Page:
Global disruption

The current pandemic has created several complexities in the operational supply chain of financial services organizations and tested resiliency plans. While managing through these complexities and maintaining pre-pandemic performance levels is the primary focus of executives, this is also an opportunity to evaluate and enhance the longer-term model for optimal performance, resilience, and growth.

The most visible change has been the rapid implementation of remote working models for domestic employees requiring both infrastructure and business practice changes, but this has had wider ranging implications for firms that have global workers in their resource mix. With over 5 million jobs sourced from locations in India and the Philippines alone, the impacts of this global pandemic have been more widespread and required several temporary changes to established security protocols and business practices. These temporary changes have allowed workers that may have limited access to reliable technology infrastructure outside specially built facilities to continue to support operations, but with significantly reduced security controls for critical data such as personally identifiable information. Several temporary changes to standard controls have been made to accommodate domestic workers and suppliers as well.

As the initial impacts to the work environment are addressed and business operations stabilize, focus will need to quickly pivot to creating a sustainable, resilient, and controlled long-term operating model. Given the risks to the global supply chain of resources, suppliers, and technology, and continued pressure on operating costs, greater emphasis will need to be placed on the use of technologies and alternate labor sources to offset these risks and create sustainable capabilities.

A structured approach

Designing and building solid operations require a structured program that is divided into manageable components, providing the flexibility to adjust to evolving business needs and funding fluctuations while adhering to a set of guiding principles and long-term goals. There are three key phases to get started:

1. Disaggregate and evaluate the current supply chain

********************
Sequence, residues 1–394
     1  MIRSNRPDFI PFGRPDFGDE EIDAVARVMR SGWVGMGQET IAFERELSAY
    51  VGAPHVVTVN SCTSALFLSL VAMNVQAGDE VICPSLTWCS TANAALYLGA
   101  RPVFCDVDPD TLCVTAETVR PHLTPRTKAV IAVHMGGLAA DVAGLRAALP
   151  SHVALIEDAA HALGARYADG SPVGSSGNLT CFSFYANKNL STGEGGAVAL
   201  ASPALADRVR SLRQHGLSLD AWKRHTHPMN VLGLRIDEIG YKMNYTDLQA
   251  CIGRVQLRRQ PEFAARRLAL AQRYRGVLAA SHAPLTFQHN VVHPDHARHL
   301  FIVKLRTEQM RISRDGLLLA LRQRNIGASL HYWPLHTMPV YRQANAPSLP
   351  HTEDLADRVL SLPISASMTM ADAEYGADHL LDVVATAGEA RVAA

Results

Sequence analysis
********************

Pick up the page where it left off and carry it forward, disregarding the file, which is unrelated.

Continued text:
The capacity and capabilities of an operating model are often observed and understood in aggregate, without a detailed understanding of the individual components or the performance and risks of these individual components. To effectively evaluate the risks, performance, and alternative options, it is necessary to break the operation into its component parts – combinations of processes, technologies, teams, and service providers – and evaluate these for relevant risks and capability requirements. The individual risk points should be identified and documented, along with a documented view of the model that allows for the appropriate level of analysis along risk, capacity, and cost dimensions.

2. Design a resilient operating model

Once the individual components of an operation are understood and measured, and the required capabilities are established, alternate delivery approaches, technology options, service management protocols, and capabilities can be designed and assessed for fit with overall business objectives. The new delivery approach must include mitigants for a variety of risks, including access management, fraud, data protection, and threat detection. It is important to document the target operating model – which includes a detailed view into the business functions, delivery processes, functional interactions, and supporting infrastructure – to provide all the impacted teams with a clear view or blueprint against which capabilities are built. The resilient model will mitigate risks associated with supply chain interruption and strike an optimal mix of labor inputs and capital investments.

3. Create an investment plan

With a clear plan for capabilities and operating model architecture, the final step is a well-designed investment and execution plan that prioritizes key capabilities and allows for changes in business conditions and market opportunities. The investment plan must have clear linkages to business objectives and market economics.

The time required to complete these three phases will vary by organization, based upon the complexity of the operations and decision-making protocols, but should be time-boxed to ensure timely delivery and minimize unnecessary analysis.

At Antares, our professionals can assist your organization successfully navigate and execute these activities, and we leverage the latest digital collaboration capabilities to provide high-value services during the current pandemic conditions.

June 29, 2020

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